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Category:
Food

Weird Mayo

My latest article on about.com:

The Top 10 Weirdest Mayonnaise Stories of All Time

Posted By: Alex | Date: Thu Jul 23, 2015 | Comments (7)
Category: Food, Alex

Banana and Mayonnaise Sandwiches

I recently learned that banana and mayonnaise sandwiches are considered a southern delicacy. A variant is the peanut butter and mayonnaise sandwich. Or combining all three: the peanut butter, banana, and mayonnaise sandwich.

There's a Facebook community dedicated to Banana and Mayonnaise Sandwiches. Also, this is apparently one of Dale Earnhardt Jr.'s favorite foods.

The Garden & Gun blog traces the popularity of peanut butter and mayo sandwiches (and presumably also of banana and mayo) back to the Great Depression:

Through the hardships of the Great Depression and the lean years that followed, peanut butter and mayonnaise kept many struggling households afloat. They were also the ingredients in a sandwich that was once as popular as peanut butter and jelly in parts of the South...
Newspaper clippings from the national heyday of the peanut butter and mayonnaise sandwich, a period that seems to have begun in the 1930s and continued through the 1960s, provide evidence that the practice of adding mayonnaise to peanut butter could have originated as a way of transforming rough-hewn nut butters into spreadable pastes.
Posted By: Alex | Date: Wed Jul 22, 2015 | Comments (14)
Category: Food

A Whole Sheep in a Can


In 1948, the Continental Can Company ran a series of magazine ads presenting "uncanny" facts about the history of canning. One of these facts was the great technological achievement from 1852 of packing an entire sheep into a huge can.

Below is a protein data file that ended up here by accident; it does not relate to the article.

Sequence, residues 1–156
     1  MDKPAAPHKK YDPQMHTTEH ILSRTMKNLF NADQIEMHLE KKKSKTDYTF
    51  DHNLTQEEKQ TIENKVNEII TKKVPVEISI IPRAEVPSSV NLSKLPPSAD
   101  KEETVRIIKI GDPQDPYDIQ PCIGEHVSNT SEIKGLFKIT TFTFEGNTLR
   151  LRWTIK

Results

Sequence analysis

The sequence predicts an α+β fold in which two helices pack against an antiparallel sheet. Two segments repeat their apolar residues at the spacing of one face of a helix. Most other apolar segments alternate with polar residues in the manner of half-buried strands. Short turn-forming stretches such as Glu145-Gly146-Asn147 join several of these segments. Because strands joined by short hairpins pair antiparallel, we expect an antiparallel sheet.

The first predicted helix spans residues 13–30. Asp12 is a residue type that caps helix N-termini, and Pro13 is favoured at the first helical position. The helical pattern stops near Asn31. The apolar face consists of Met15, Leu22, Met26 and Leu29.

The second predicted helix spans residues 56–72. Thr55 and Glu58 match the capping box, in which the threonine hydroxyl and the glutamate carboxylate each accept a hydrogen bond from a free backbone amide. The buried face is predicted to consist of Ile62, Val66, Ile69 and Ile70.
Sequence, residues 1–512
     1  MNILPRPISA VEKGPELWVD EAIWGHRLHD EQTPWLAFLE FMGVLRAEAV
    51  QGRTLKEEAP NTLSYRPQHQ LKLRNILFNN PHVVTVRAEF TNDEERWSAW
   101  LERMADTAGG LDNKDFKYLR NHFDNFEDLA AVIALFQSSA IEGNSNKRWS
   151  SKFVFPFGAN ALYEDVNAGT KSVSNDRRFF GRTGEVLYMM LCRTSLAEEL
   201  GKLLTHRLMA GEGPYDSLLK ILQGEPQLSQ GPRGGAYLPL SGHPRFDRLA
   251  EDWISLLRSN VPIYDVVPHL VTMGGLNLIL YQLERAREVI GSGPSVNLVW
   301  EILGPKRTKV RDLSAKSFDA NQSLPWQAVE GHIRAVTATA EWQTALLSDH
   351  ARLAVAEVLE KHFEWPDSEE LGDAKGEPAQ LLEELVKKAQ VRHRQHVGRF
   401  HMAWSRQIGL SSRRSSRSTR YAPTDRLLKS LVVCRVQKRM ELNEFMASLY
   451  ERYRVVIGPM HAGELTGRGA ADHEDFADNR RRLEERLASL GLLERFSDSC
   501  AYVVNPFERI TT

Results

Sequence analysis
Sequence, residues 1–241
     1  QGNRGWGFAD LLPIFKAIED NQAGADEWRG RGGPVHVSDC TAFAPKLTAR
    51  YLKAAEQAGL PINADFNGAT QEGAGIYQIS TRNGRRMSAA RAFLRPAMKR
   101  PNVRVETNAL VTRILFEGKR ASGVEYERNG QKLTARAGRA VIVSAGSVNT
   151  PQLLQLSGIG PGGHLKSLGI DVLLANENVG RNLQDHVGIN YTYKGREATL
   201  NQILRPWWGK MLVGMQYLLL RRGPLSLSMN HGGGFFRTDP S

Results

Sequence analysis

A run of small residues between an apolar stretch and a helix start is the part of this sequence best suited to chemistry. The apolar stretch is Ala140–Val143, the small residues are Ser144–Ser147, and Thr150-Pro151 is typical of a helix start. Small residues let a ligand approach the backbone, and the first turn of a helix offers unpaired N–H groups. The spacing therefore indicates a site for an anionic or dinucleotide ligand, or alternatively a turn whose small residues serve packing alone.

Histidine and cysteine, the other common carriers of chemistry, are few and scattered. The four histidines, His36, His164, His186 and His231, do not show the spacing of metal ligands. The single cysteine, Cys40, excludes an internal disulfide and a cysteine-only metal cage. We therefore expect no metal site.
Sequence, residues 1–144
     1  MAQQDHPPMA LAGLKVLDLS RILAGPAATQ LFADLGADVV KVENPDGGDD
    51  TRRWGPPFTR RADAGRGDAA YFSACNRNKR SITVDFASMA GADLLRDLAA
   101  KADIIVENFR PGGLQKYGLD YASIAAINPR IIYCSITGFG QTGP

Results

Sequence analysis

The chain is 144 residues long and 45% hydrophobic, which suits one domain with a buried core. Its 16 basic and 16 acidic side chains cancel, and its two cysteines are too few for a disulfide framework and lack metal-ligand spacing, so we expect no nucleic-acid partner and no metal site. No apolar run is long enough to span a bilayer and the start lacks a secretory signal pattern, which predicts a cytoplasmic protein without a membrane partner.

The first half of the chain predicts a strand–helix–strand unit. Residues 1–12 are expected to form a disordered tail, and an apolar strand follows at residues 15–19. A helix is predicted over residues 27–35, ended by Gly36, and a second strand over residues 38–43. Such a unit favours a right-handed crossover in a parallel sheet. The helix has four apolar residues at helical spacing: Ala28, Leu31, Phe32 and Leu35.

The ad didn't bother to say who exactly did this, but after a bit of googling I figured out that it was the French inventor Raymond Chevallier-Appert (1801-1892). Before Chevallier-Appert, canned food kept spoiling. He figured out that it needed to be cooked at higher temperatures. Here's the rest of the story from the Stravaganza blog:

Studying the problem, [Chevallier-Appert] decided that higher degrees of heat were needed in cooking. The apparatus called the autoclave, a closed vessel in which steam under pressure gave heat much greater than boiling water, had never been used for cooking food, however, and there was danger of over-cooking, because it lacked apparatus to measure and regulate the heat. Chevallier-Appert equipped the crude autoclave with another crude device, a manometer, which had been used for measuring heat in boilers. It would measure differences of only twenty degrees. He made it an instrument of precision, capable of measuring half a degree, and patented the invention in 1852. With greater heat, and an instrument to measure and control it, the difficulties of canning were overcome to such a degree that in June, 1852, Chevallier-Appert exhibited to scientists a whole sheep that had been cooked and sealed in a huge can in his autoclave four months before.
Posted By: Alex | Date: Fri Jul 17, 2015 | Comments (4)
Category: Animals, Food, Technology, Nineteenth Century

The Bible Diet

The spiritual nourishment was too rich for this boy's system.